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Old Armored Cable Ground


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Have a house built in 1939 with the original armored cable wiring. The breaker box is relatively new Square D. Everything looks to be wired tight to the box as far as the sheaths etc. Recently someone installed 3 prong receptacles in a lot of outlets and grounded with wires screwed to the boxes. Testing with a pocket LED tester looked OK. Haven't had a chance to test with a meter yet. From what I've read it may or may not be OK to use the boxes/sheaths for ground. Can't tell yet if there's a bonding wire in the cable. Any ideas? Would replacing the breakers with GFCI breakers and keeping the grounds wired to the boxes work?

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That '39 armor couldn't even approximate today's grounding standards. I can't say without examining it how big a safety issue it is but replacing the 3 wire receptacles with GFCI devices certainly will not fix everything. For example, surge devices that folks install to protect their sensitive electronic equipment won't do much good without a solid ground path to the earth. Also, I don't know if today's GFCI devices will even fit in '39 steel receptacle boxes.

Ain't no replacement for the real thing.

Marc

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Okay thanks for the reply. Looks like there are a couple GFCI outlets installed in the bath and kitchen. What about installing combo AFCI/GFCI breakers and keeping the 3 prong outlets grounded to the boxes? Maybe the ground may not be ideal but would the AFCI/GFCI breakers cover safety issues?

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Ain't no device on the market that's gonna allow a surge protector to work in the absence of a solid path to the earth. Surge protectors work by bypassing the lightning current to the earth via the grounding system where it can safely dissipate. No ground connection, no protection.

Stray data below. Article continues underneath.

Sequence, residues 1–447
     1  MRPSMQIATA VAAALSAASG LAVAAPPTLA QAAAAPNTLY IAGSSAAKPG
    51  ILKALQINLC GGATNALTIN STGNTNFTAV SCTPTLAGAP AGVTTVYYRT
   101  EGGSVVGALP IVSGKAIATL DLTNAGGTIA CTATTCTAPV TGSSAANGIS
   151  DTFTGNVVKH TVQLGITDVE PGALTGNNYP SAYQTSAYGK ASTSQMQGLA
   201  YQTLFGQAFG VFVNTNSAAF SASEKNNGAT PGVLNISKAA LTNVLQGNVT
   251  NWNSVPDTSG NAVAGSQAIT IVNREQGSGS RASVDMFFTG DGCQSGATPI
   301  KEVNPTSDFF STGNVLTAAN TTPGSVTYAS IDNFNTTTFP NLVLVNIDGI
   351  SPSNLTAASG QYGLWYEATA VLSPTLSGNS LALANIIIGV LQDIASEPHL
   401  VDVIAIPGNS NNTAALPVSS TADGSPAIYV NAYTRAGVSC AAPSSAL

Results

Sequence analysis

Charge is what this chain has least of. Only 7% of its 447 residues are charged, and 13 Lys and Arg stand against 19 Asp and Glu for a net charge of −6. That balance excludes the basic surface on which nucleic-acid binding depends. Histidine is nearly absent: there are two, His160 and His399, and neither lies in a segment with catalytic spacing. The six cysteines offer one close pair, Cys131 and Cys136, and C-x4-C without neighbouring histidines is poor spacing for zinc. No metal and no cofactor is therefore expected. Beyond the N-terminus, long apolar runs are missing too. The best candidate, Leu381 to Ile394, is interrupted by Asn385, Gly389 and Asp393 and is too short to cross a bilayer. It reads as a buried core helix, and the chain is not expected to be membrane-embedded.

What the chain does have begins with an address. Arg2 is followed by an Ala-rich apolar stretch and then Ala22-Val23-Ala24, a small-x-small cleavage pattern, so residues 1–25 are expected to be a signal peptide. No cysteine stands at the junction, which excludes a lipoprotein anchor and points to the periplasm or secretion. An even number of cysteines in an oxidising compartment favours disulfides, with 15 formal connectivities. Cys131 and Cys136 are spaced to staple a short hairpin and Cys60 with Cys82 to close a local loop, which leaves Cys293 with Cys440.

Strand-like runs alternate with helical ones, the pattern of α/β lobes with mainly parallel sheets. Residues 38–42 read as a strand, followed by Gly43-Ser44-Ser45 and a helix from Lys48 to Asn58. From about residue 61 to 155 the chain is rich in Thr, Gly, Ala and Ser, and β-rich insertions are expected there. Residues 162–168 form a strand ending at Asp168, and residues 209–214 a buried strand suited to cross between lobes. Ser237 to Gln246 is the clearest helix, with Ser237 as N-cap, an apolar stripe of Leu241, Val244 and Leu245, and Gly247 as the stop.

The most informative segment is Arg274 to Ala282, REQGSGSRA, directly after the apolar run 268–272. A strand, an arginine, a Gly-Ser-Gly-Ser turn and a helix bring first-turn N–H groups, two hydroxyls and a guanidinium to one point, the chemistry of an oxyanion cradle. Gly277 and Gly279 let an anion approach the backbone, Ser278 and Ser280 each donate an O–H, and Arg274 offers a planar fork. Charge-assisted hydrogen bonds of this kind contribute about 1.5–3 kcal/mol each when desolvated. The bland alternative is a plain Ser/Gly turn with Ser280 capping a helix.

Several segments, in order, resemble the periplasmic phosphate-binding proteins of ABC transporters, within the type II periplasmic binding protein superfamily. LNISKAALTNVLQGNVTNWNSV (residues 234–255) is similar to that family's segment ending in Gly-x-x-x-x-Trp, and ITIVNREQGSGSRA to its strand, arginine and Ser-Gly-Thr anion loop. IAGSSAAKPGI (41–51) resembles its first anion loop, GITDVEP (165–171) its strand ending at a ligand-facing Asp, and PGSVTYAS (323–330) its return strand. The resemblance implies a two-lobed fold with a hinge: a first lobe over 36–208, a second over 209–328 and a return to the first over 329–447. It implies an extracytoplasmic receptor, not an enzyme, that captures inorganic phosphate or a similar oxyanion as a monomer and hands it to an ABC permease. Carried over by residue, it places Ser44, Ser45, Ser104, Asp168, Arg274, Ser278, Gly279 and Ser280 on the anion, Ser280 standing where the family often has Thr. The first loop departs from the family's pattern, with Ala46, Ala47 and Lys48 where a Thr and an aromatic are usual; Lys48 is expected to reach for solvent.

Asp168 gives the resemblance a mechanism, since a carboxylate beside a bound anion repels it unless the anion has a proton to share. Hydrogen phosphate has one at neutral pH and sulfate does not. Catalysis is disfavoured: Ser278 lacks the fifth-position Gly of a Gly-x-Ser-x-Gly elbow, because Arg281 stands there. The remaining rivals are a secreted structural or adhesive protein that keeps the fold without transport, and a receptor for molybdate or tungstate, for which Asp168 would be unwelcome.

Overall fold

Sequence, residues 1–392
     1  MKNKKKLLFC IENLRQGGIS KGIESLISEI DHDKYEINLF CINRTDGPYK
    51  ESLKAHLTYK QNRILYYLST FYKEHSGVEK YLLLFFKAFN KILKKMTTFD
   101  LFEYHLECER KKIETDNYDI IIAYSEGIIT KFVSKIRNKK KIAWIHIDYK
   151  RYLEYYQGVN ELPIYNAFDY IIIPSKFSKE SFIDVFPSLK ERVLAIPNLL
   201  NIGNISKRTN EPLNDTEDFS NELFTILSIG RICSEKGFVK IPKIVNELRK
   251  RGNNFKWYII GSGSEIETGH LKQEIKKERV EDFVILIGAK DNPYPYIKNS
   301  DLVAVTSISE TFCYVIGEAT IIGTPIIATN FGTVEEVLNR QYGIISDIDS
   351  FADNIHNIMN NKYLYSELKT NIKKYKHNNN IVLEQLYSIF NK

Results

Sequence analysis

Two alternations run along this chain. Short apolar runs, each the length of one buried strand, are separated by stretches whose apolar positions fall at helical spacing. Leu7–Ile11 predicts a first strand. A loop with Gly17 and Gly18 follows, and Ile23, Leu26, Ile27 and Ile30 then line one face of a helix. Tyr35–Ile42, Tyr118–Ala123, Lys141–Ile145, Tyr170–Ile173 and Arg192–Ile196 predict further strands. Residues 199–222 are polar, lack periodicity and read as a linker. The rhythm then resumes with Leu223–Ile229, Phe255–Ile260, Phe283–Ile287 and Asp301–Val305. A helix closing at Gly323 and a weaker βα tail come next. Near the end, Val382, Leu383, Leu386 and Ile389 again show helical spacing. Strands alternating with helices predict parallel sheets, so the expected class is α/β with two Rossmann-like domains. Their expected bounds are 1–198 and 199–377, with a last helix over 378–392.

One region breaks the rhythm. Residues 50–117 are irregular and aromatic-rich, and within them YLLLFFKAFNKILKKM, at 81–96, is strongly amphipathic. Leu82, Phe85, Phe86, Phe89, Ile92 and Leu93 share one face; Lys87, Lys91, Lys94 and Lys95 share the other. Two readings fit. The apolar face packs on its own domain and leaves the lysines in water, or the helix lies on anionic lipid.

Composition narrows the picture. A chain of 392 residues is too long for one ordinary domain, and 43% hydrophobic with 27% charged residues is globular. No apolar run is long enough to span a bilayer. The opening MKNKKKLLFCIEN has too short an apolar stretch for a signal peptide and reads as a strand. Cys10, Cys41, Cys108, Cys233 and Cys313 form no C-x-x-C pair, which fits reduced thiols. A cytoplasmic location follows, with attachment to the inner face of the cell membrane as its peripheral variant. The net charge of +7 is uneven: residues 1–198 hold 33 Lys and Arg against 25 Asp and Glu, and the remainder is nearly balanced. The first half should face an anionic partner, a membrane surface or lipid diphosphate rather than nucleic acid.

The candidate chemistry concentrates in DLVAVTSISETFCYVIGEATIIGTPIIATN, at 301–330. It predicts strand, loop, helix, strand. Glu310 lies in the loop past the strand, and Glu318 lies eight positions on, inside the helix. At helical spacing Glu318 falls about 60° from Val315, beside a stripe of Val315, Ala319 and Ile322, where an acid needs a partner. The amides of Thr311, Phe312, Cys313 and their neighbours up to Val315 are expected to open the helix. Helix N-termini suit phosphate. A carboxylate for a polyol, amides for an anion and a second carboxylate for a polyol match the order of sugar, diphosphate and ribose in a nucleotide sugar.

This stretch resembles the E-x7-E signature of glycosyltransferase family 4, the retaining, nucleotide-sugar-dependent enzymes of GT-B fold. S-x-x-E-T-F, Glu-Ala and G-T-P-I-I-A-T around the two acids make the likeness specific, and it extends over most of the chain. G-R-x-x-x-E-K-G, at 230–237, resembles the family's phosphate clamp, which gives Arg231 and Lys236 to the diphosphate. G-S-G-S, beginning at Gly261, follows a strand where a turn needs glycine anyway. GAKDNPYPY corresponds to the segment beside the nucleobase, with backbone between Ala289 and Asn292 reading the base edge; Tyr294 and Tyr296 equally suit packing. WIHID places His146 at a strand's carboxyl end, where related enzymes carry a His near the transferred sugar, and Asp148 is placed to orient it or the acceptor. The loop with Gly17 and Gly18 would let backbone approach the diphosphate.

GFCI and AFCI are both marvels. I always recommend them.

Marc

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Actually, the spiral sheath on AC cable was, indeed, intended to be a grounding conductor. It'll have greater resistance than a copper wire, but it should do the job as long as the spirals remain interlocked and the terminations are solid. Check out this page from my 1936 GE catalogue:

Download Attachment: icon_adobe.gif bx002.pdf

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That said, if the spirals become unwound, then you have a problem. As I understand it (any anyone who truly understands this stuff, please speak up), if there were to be a fault on such a cable, the unwound portions of the sheath would form a choke coil that would impede the flow of current, allow the metal to heat up and, actually, glow in some cases. There's lots of lore about this out there, though I've never personally seen it. It's the reason that the bonding wire was added to this kind of cable in the early '50s. (The bonding wire prevents the choke coil from forming.) (Someone on this site once saw the glowing in action and posted a picture, but I don't remember who it was and I can't find the picture. Seems like it was one of the Lewis guys, Eric? Neal?)